We haven’t heard much about Baltimore’s plans for a new arena for a few years now, but that seems about to change: The Maryland Stadium Authority is about to conduct a feasibility study of a $900 million plan to build a new arena, a hotel on top of it, and an expanded Baltimore Convention Center.
Willard Hackerman, described by the Baltimore Sun as a “Baltimore construction magnate” (which will always make me think of Stringer Bell), has promised to finance the arena and hotel — or rather, to “engage in creating a private partnership that will privately finance the arena and the hotel,” which isn’t quite the same thing. It’s going to be interesting, to say the least, to see how Hackerman goes about raising private funds to build an arena with no anchor sports tenant, at least until such time that an NBA or NHL team can be identified to relocate there. Did I mention that Hackerman is 92 years old?
In any case, that still leaves the $400 million convention center cost, which as previously established is a ridiculous amount of money to spend on an expanded convention facility unless you’re Las Vegas or Orlando. (Editor’s note: Baltimore is not Las Vegas or Orlando.) Donald Fry, head of the business-run Greater Baltimore Committee that is pushing this plan, told the Sun (in the newspaper’s words) that “he believes the $400 million cost of expanding the convention center could be paid by the city or state or both, by issuing bonds.” Which is identical to telling your mortgage broker, “Sure, I can afford to pay for this house — I’m going to use the money I borrow from you!” Any J-school professors out there who can work on drumming it into budding journalists’ heads that bonds have to be paid off eventually? Please?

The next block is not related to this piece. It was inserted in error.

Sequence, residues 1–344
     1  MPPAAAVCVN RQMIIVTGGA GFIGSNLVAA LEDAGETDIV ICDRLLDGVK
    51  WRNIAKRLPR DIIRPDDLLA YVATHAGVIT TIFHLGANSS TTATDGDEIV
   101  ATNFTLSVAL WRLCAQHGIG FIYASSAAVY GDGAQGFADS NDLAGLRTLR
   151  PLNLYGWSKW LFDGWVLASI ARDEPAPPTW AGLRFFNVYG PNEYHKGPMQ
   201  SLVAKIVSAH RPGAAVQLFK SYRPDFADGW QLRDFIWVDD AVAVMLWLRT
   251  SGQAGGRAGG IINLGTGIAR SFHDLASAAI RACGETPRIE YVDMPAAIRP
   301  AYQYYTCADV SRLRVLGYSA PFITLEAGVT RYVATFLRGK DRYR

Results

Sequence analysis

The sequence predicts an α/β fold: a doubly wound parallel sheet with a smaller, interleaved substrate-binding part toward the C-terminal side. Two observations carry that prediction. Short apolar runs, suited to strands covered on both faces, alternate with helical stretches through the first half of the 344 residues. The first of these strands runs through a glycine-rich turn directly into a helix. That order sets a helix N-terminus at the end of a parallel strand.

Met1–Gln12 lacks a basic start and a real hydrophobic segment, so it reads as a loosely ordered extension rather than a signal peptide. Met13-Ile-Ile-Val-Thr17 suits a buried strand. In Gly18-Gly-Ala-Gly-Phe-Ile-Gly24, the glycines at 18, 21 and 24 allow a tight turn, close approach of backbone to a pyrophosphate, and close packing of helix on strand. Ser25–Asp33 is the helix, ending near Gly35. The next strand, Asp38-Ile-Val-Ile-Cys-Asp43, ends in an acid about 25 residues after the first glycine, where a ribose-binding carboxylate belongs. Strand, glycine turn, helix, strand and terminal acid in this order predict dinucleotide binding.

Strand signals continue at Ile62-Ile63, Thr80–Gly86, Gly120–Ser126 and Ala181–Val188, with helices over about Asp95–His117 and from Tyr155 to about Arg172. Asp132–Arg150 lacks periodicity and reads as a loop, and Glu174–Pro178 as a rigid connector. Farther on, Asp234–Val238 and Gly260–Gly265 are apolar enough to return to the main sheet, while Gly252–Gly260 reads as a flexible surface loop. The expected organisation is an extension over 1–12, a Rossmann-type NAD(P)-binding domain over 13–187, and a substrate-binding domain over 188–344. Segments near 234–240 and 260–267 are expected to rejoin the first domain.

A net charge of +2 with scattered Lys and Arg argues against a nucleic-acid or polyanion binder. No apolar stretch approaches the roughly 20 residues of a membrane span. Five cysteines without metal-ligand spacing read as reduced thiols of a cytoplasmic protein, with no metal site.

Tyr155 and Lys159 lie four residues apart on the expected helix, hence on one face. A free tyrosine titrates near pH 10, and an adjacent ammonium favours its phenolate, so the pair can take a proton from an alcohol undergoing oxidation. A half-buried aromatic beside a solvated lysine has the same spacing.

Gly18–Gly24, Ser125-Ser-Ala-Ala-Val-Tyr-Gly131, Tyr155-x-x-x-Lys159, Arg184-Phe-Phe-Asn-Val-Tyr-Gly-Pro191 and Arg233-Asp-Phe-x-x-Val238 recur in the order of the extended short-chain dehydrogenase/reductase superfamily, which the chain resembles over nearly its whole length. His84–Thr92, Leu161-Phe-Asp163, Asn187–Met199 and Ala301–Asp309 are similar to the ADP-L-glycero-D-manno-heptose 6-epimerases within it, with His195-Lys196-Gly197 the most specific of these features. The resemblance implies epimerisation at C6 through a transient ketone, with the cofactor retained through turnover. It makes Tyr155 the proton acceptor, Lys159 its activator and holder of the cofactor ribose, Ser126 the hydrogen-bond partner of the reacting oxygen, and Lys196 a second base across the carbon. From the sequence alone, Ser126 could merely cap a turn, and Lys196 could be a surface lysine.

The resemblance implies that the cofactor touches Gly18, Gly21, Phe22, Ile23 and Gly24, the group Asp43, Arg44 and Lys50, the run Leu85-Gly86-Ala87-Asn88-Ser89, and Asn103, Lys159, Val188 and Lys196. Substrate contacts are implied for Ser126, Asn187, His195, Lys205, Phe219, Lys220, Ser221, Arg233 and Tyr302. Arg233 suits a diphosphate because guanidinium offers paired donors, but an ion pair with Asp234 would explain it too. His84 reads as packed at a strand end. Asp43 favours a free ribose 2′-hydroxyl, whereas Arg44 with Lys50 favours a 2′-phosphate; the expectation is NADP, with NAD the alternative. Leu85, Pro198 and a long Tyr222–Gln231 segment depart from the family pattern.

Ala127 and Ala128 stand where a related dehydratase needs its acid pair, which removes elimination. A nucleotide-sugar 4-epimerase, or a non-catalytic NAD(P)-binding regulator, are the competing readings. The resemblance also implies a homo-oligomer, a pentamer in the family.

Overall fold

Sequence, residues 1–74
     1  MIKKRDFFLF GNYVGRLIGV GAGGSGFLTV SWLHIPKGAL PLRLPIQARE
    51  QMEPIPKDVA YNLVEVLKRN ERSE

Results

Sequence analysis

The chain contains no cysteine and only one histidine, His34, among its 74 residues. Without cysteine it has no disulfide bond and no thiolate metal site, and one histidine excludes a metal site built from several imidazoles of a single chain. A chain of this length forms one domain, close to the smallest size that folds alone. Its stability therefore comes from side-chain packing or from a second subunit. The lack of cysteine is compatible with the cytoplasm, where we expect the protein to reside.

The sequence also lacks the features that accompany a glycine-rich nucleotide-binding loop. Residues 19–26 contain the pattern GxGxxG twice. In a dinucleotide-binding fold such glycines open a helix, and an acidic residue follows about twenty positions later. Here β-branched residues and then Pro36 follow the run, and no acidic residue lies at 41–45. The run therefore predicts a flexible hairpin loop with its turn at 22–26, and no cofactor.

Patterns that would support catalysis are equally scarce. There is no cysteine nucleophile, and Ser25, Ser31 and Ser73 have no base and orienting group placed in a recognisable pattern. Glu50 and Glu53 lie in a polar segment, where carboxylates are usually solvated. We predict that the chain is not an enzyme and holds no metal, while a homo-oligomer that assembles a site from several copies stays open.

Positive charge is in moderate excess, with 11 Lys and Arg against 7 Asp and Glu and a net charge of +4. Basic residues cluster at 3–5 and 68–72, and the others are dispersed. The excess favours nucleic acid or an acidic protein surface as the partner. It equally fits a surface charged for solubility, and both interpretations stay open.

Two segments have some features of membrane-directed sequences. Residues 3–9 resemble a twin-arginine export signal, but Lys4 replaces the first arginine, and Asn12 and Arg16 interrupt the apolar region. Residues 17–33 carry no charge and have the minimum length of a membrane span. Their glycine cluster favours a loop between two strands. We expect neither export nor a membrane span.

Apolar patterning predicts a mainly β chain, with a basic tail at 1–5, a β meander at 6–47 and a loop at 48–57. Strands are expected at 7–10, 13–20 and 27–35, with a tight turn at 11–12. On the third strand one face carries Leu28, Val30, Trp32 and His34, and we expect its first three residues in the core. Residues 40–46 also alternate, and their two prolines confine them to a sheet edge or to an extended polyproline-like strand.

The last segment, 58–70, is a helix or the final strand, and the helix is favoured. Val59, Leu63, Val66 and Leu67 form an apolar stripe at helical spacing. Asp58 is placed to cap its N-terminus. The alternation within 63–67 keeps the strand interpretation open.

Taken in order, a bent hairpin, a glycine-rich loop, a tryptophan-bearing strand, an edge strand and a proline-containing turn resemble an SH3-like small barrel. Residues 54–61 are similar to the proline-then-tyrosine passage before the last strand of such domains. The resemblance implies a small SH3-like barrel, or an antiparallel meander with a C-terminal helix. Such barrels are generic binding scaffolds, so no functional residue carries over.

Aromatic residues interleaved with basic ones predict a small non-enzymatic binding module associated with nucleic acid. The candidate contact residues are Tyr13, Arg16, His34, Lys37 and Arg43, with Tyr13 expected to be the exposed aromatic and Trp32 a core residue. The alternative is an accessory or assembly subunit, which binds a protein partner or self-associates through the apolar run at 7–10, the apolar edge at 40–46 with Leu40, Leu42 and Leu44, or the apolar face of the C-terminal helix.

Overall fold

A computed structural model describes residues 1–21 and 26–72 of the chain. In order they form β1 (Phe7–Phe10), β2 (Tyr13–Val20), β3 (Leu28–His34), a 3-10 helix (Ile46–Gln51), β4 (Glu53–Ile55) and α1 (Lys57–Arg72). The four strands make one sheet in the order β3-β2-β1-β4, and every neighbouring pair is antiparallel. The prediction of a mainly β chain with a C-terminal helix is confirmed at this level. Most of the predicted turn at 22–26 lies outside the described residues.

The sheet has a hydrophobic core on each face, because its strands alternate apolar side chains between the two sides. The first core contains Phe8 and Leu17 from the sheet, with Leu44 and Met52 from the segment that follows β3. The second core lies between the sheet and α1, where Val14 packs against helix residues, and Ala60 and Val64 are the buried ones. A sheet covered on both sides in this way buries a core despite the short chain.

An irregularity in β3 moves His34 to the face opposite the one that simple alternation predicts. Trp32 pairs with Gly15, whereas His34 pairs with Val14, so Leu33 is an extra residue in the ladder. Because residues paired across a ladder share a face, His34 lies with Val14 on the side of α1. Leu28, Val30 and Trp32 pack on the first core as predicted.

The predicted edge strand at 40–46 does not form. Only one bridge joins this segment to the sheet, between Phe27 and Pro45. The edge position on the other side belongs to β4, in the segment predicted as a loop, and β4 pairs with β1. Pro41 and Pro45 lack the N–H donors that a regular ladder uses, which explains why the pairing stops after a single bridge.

Anyway, once someone figures out who’ll pay the $150,000 cost, it looks like we’ll have another study to kick around soon. Which, given how the last Baltimore study turned out, is likely to involve a whole lot of kicking.